Alkenes, Alkynes and Aromatic Compounds

Alkenes contain at least one double bond. Alkynes contain at least one triple bond. Most of these types of hydrocarbons can exist with the same chemical formula in different form or chemical structure. When a compound has the same chemical formula but two possible structures, these two structures are called isomers. Alkenes are unsaturated since they have a double covalent carbon bond. Alkenes have the general formula CnH2n. Alkynes (acetylenes) are unsaturated encyclical hydrocarbons which contain one or more triple bonds between atoms of carbon. The general formula for alkynes is CnH2n-2 
Aromatic hydrocarbons contain the 6-membered benzene ring structure that is characterized by alternating double bonds. Thus, they have formulas that can be drawn as cyclic alkenes, making them unsaturated. Benzene, C6H6, is the simplest member of a large family of hydrocarbons, called aromatic hydrocarbons.  Aromatic compounds more readily undergo substitution reactions than addition reactions; replacement of one of the hydrogen atoms with another substituent will leave the delocalized double bonds intact.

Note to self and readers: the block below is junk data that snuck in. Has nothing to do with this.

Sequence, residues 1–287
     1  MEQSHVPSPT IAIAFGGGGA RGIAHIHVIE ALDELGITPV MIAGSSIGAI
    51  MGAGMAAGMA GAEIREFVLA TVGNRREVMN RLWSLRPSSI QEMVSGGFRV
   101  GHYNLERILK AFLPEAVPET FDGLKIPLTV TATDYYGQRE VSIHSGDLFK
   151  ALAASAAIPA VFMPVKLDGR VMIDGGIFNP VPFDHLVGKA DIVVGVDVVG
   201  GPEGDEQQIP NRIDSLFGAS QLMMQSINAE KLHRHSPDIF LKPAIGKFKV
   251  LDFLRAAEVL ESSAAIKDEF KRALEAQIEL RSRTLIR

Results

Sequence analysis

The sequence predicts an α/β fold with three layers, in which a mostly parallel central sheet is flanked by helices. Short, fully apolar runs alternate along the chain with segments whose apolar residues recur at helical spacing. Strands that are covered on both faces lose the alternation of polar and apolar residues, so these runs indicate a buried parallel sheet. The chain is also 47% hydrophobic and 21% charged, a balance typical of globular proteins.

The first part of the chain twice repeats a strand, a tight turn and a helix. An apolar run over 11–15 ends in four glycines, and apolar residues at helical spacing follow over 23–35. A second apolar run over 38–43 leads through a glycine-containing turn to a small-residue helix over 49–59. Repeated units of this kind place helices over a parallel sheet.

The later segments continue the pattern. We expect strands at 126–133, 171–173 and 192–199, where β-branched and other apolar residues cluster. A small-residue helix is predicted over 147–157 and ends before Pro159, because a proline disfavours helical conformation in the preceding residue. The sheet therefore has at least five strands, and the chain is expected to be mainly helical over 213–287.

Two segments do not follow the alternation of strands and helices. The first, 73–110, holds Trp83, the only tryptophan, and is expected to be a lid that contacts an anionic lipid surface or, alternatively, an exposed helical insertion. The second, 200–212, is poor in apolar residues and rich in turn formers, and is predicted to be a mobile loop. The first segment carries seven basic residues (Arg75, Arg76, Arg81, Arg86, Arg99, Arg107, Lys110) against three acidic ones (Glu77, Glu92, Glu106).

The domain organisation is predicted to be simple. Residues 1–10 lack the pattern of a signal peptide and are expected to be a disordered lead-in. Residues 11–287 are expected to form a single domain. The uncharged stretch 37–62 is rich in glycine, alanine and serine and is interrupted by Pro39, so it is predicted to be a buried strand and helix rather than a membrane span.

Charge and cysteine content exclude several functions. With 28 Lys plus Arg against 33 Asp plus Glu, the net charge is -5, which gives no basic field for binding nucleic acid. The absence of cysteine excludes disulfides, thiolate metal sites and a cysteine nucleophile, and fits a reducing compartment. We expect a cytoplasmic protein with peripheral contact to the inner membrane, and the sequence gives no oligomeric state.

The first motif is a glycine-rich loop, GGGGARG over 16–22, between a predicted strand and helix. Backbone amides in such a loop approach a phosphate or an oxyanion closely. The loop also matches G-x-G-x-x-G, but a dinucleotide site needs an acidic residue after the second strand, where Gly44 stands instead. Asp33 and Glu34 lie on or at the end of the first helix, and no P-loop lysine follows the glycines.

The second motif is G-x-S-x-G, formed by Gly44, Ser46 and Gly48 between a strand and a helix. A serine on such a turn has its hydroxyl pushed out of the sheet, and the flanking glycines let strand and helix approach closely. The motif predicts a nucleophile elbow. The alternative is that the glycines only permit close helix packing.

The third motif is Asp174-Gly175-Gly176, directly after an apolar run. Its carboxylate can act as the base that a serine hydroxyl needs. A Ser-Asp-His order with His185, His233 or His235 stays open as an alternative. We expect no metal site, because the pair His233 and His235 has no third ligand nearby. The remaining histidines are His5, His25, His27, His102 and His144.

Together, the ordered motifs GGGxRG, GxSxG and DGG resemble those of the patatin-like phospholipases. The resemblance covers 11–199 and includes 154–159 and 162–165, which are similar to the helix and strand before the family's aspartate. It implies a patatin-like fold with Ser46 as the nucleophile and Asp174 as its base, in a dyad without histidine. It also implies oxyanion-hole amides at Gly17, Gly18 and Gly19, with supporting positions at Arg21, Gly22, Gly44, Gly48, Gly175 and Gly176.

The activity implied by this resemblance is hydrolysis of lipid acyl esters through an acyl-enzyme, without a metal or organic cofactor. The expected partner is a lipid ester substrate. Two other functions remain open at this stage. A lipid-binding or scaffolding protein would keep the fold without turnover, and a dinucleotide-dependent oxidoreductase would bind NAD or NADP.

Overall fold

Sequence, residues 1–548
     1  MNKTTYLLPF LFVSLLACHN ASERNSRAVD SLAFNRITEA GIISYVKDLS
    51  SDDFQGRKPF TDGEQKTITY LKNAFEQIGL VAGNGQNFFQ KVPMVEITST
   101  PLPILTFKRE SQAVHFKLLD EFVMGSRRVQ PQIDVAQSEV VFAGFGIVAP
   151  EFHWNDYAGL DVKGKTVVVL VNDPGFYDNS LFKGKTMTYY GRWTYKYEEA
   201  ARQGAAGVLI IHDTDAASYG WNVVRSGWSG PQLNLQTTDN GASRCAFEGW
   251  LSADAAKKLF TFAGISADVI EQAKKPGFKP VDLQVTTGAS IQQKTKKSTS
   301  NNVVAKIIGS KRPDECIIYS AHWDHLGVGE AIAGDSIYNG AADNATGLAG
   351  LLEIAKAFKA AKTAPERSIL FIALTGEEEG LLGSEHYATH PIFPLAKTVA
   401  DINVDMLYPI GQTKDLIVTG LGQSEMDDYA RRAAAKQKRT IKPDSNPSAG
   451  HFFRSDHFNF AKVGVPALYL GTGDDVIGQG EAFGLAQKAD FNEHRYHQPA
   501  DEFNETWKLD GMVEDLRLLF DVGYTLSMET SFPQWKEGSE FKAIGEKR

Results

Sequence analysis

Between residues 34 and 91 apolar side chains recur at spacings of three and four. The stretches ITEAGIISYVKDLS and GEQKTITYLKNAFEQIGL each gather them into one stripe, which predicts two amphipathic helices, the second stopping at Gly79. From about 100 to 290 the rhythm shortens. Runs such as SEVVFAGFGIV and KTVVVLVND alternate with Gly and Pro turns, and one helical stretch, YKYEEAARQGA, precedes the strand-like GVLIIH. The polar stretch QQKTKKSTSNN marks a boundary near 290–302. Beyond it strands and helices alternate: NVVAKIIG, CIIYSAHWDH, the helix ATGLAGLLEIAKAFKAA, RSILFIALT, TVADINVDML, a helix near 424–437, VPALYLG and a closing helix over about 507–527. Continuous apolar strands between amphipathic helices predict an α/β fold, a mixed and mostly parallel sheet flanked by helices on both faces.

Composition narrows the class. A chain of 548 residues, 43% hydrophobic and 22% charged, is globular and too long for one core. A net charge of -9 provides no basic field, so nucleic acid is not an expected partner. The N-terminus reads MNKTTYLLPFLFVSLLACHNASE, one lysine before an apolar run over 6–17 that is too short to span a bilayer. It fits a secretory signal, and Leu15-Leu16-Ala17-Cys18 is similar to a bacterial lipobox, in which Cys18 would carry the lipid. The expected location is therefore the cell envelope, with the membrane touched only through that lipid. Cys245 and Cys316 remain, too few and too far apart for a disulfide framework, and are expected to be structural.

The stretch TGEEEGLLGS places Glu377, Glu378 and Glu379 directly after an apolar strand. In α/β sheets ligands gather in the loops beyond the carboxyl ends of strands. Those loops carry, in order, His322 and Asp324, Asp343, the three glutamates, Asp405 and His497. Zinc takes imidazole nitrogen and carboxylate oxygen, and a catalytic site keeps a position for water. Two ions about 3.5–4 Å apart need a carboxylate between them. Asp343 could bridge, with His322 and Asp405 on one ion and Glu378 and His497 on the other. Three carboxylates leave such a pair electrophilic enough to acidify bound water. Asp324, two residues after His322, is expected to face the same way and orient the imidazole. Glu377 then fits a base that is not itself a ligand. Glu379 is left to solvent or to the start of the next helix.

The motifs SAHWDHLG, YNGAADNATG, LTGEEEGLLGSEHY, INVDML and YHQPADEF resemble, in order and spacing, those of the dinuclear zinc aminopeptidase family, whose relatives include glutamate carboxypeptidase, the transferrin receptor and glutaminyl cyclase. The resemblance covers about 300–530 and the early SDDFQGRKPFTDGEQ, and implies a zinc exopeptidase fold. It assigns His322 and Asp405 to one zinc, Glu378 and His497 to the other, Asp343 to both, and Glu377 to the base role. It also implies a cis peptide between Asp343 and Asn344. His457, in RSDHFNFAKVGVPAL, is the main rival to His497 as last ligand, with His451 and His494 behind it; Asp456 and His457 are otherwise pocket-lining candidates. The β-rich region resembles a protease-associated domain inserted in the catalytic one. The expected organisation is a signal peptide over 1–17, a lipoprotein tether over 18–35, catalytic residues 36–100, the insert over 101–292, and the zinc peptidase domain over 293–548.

• Saturated and Unsaturated hydrocarbons
  • Polycyclic Aromatic Hydrocarbons and Cancer
  • Geometric Isomers
  • Stereochemistry
  • Element of unsaturation
  • Cis and trans isomers

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